Life sciences companies have many strategic essentials that can be addressed through the uninhibited use of big data, and making progress on such transformational endeavors necessitates data sharing, not just data analysis — across borders, with competitors, via the cloud, and occasionally in real time. While there is a great debate surrounding whether the cloud increases or decreases an organization’s security profile, today, life science companies are beginning to share an increasing amount of sensitive information with a much wider variety of partners and vendors. Some organizations are committed to this more open environment, but many organizations remain complacent when it comes to the very real, and incredibly dangerous, threat of intellectual property and patient data cybertheft.
Despite high-profile data breaches increasing in recent years, a whopping 43 percent of the companies surveyed in “Life sciences innovation and cyber security: Inseparable” feel about the same or less secure about their data security than they did in the past. In developing a cybersecurity strategy to combat potential threats, life sciences companies should focus on assessing and analyzing risks while also placing a premium on active and continuous planning, training and updating of cybersecurity strategies.
Cybersecurity risk assessments are foundational to meeting legal requirements and can define the parameters that constitute reasonable cybersecurity within an organization. In an area evolving as rapidly as the life science sector, the importance of staying up to date with software and operating systems patch management has never been more obvious. Once considered burdensome and time consuming, advances in cybersecurity technology now enable the patch management process to be automated, allowing security professionals to see the real-time vulnerability status across their entire IT infrastructure from a single dashboard and take action immediately.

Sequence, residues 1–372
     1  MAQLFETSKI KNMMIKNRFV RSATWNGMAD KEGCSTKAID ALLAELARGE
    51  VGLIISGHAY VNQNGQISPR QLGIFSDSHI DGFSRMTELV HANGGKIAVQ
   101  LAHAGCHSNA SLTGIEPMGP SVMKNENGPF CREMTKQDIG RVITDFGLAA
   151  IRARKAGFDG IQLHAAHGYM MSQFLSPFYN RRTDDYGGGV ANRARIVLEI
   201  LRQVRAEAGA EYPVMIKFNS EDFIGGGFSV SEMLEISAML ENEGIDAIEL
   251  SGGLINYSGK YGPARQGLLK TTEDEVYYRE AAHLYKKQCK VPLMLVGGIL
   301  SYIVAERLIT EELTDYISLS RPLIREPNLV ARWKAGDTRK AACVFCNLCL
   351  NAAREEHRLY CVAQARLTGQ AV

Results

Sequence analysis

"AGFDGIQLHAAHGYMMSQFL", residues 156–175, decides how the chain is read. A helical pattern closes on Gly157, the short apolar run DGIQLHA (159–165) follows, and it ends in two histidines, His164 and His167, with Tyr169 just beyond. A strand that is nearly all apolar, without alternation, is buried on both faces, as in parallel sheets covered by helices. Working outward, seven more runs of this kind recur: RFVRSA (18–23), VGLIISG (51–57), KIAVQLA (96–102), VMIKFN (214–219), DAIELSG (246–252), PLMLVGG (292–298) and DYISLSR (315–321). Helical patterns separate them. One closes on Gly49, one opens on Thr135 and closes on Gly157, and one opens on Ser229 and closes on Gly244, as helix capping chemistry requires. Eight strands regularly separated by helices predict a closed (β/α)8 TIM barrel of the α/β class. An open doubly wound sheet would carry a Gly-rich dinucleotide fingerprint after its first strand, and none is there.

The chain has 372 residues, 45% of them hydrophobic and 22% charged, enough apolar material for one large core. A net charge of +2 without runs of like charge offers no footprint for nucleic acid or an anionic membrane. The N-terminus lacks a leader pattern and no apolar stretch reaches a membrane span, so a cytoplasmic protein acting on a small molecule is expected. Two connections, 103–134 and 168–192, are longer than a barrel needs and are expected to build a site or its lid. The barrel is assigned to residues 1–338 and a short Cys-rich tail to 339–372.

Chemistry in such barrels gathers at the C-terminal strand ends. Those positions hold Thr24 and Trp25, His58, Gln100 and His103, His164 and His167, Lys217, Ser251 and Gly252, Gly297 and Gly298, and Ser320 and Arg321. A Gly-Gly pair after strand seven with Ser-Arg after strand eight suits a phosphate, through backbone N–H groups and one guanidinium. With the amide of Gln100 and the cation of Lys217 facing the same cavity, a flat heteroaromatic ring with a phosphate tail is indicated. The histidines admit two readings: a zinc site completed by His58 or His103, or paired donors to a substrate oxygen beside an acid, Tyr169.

One such advance is the Automox platform. Automox provides instant visibility of system inventory, vulnerability status, and policy compliance, the ability to automate patch management, software deployment and workflow management as well as complete control and active enforcement of system and software configurations.
With Automox, you control your level of patch management automation, flow processes and configuration enforcement — all from a single dashboard — to ensure every endpoint remains protected from harm. The platform was not only built for a mixed OS environment, enabling the management of Windows, Mac OS X and Linux patches, Automox also natively patches third-party software, including Adobe Flash, Adobe Acrobat Reader, Java, Firefox, Chrome, MS Office and others as part of our growing catalog.
Whether the life science sector is focused on internal risks, risks associated with mergers and acquisitions or risks arising from insufficient cybersecurity resources, addressing cybersecurity should go hand in hand with pursuing growth and innovation. Life science organizations that ignore this reality are opening themselves up to profound damage — to their reputations, their financial resources and even their viability. Sign up today to try Automox risk free for 15 days. There’s no endpoint limit, no credit card required to sign up and your organization will receive full access to the complete platform, better protecting you, your intellectual property and your clients.